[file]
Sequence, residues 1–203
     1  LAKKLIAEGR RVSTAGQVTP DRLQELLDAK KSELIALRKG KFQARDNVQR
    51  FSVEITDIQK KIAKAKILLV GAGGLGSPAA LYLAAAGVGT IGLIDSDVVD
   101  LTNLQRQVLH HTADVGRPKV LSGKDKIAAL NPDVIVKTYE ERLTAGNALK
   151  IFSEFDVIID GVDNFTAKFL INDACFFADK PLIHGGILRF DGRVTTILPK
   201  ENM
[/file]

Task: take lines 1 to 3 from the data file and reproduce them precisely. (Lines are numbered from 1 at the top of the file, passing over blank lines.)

Sequence, residues 1–203
     1  LAKKLIAEGR RVSTAGQVTP DRLQELLDAK KSELIALRKG KFQARDNVQR
    51  FSVEITDIQK KIAKAKILLV GAGGLGSPAA LYLAAAGVGT IGLIDSDVVD